We’re in the middle of a heat wave, the novelty of getting to work from home has worn off, and I’m in a reading rut.  Buckets of books to read and review, a ton of amazing stuff on my kindle app, and i’m just not in the mood for it right now.

 

on the plus side, I’ve got some fun crafts I want to work on,  my little balcony garden is going crazy with tomatoes and herbs and green onions and flowers,  and I’ll never run out of cool recipes that that I want to try to make.

 

So, I’m going to make fun foods,  read more cookbooks, harvest my basil and mint and parsley, coax my peppers and tomatoes to fruit,  and binge watch the Netflix show Dark.

 

Just a few recent reads –

I enjoyed the hell out of Your Rover is Here, by LP Kindred, in FIYAH Issue #14. This is the urban fantasy / keep the family magic a secret I’ve been looking for for years.  The voice in this story is fantastic. The narrator, he’s just going about his business. He drives for a rideshare app.  And when a fare brings violent magic into the car, he has to fight back to stop even more violence.  So what happens when you use secret magic to stop a dangerous explosion, and you lose your car (and your source of income) in the process?  Seriously a great story.  I kept meaning to read the rest of the issue, but just kept coming back to this story.

I bought the print copy of Clarkesworld Year 11, volume 1. It’s a bucket of fiction that was published in Clarkesworld.  I usually really like what gets published in that magazine, but my eyeballs struggle with walls of text.  I’ve only read a few stories, and haven’t connected with many of them yet.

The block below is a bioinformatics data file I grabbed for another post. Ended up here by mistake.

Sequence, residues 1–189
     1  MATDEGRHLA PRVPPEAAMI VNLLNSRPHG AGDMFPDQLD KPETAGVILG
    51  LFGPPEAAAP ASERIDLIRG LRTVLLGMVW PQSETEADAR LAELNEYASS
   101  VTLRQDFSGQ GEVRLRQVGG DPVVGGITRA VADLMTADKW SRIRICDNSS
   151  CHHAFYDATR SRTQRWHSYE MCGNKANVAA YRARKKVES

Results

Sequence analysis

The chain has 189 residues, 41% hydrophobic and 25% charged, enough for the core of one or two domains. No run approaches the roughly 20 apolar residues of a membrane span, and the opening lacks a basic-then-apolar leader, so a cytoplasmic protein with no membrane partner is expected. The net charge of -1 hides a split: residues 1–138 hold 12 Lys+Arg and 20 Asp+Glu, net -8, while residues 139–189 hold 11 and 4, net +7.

Been binge re-watching the Netflix show Dark. The 3rd season just dropped, so hubby and I are rewatching the first two seasons as fast as we can.   this IS the show of the summer!  umm, how to explain?  Think Twin Peaks meets Stranger Things,  plus a metric ton of time travel.  And the soundtrack!  omg, so good!!

DO:  watch the show and take your own notes for a family tree.  Different story lines follow different generations, so you’ll want to keep track of who is married to who,  who is the parent and child of who, etc.

DON’T: use google to learn about this show.   the less you know about the show and the plot going in, the better.  the internet is solid spoilers.

not a spoiler: the first time I saw season one,  I though Jonas was a cool but annoying character. Why is he so quiet? Why doesn’t he seem to react to things? why does he seem so passive?  Yeah, he’s might be quiet, but he is NOT passive. the poor kid is a bundle of nerves and a total mess inside.

I’m not a super crafty person,  but I have two crafts I want to work on this summer.  I’d like to create a Braille sampler (remember samplers?).  My mom let me borrow one of her embroidery hoops, and I bought some tiny beads to be the Braille “dots”.

 

I’m getting bored with the fabric masks I have.  I bought some fat quarters to experiment with the bandana “bank robber” style face covering, where it’s a square folded into a triangle, and you tie it across your face and knot it at behind your head.   OK, so that was working pretty good. . .   then I saw these kinds of “face veils” online:

and i thought to myself “Self, that looks COOL.  and it covers your nose and mouth, and it isn’t BORING”.

so, next iteration,  was I took my triangle folded fat quarter, and instead of knotting it behind my head,  I  bobby pinned it.  where the two ends overlap, I put three downward facing bobby pins, and to “tighten” the mask, I pulled on the ends, pulling them through the bobby pins.  It was super comfy, and not boring. . .  but I still wanted to mess with it some more . . . .